Tuesday, April 19, 2016

Rules! Really?

It took the 17th Amendment to replace state legislators choosing Senators to direct popular election of Senators.

It took the Supreme Court to rule that “Separate but Equal” was not equal.

It took civil disobedience to integrate schools, public transportation, and eliminate other institutions of segregation.

Just think of how many times rules have been changed in American history to expand opportunity and participation in private and public life.

That something has always been done one way is no reason to keep doing it that way, especially when it infringes on, or curtails, the rights of different categories of Americans.  The Republican National Committee’s defense of voterless delegate selection in Colorado and Wyoming, because everyone knew the rules in advance, could just as well be used to defend any non-representative political, social, and economic arrangements.

Why not restore property and/or educational requirements to vote!  How about eliminating female suffrage!  How about counting “others” as three-fifths of a person!

No one would propose returning to rules that were neither just nor ethical, would they?  Maybe it’s time to bring primary and caucus rules into the twenty-first century to bring about “one man, one vote.”


Chick said...

The value of expanding popular direct democracy to voters has risks that deserve review, and not mechanical acceptance.

The average voter, by definition, is of average intelligence and experience, not an attractive characteristic for important decisions affecting, say, security, macro/micro economic policies, health care, social services, etc. Democracy, under these circumstances,tends to rely more on emotions leaning on factors such as race, sex, envy, and issues of the moment, rather than reason, or experience..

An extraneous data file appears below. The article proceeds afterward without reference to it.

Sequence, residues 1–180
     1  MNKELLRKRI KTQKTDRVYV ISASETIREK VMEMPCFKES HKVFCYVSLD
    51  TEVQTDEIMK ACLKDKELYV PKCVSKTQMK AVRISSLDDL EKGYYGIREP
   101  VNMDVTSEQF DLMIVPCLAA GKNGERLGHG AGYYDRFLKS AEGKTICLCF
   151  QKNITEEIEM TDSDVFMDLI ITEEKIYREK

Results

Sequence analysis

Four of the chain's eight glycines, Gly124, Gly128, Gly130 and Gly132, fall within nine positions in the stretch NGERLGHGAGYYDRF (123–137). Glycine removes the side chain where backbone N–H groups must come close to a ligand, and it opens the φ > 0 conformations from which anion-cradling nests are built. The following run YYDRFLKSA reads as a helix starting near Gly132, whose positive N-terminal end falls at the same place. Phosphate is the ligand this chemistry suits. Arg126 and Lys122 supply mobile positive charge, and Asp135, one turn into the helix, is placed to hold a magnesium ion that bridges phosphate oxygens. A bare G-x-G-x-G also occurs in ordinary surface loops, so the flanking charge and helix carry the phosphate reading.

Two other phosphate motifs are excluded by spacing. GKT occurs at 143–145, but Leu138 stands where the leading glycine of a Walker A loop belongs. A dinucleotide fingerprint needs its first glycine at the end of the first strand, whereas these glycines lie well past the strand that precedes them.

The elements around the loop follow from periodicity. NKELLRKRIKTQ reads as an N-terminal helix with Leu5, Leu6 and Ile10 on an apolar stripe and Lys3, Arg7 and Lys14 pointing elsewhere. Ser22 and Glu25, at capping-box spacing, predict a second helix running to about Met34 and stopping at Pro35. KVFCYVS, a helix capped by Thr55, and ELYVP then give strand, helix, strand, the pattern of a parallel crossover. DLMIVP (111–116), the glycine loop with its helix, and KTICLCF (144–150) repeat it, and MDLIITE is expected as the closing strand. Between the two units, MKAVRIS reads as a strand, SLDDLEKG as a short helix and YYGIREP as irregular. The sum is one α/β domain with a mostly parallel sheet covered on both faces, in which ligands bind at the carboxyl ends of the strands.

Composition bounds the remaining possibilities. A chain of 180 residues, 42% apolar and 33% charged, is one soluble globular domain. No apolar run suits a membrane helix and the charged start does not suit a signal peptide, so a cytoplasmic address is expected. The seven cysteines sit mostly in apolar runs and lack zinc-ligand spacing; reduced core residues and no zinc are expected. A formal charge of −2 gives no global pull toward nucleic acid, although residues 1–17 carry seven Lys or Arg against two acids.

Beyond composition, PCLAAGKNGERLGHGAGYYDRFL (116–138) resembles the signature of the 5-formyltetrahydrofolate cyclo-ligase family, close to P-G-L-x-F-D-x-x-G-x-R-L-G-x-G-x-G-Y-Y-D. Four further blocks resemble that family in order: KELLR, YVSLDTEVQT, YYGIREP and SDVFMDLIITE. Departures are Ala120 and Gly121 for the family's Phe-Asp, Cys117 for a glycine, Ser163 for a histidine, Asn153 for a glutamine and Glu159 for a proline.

Indirect democracy, on the other hand, attempts to mute the raw numbers of momentary emotional judgements of voter majorities by favoring other considerations. In the U.S., for example, the system recognizes differing geographic and economic interests of each state, in addition to population size. Prime minister Lee of Singapore, while alive, entertained giving increased voter weight to more mature voters, married couples, and property owners.

Other systems discourage entertaining abrupt changes in governments, eschewing elections, say, every four years - much like pulling up carrots in mid season to see if they are growing. The division of power built into the U.S. Constitution is an example of a design that restrains the "tyranny of the majority". The changes in power via rotating leadership of parties, or partial changes in the composition of membership, and attendant ruling majorities as practiced in the U.S. senate, is another.

At the extremes, direct democracy lends itself to mob rule such as that experienced in different degrees in localized conflicts, e.g., Ferguson, Baltimore, Wall Street, and even in massive ones, the Arab Spring demonstrations in Tunisia, and Egypt being examples.

Human rights can be, and are, maintained separate from the mechanics of democratic election processes. Freedoms of the press, and of individuals, for example, are maintained in Hong Kong, despite the decisive role of China over representation and leadership. The British did the same during colonial rule. The youthful excesses in Hong Kong, nurtured intellectually by a professoriat of higher learning, garners support from most Western democracies. Their demonstrations, however, that cater to civil disorder, are troubling. If pushed to extremes, unrestrained "civil disobedience" can degenerate into anarchic behavior that can call on government to use its police powers to gain and retain the orderly functioning of society.

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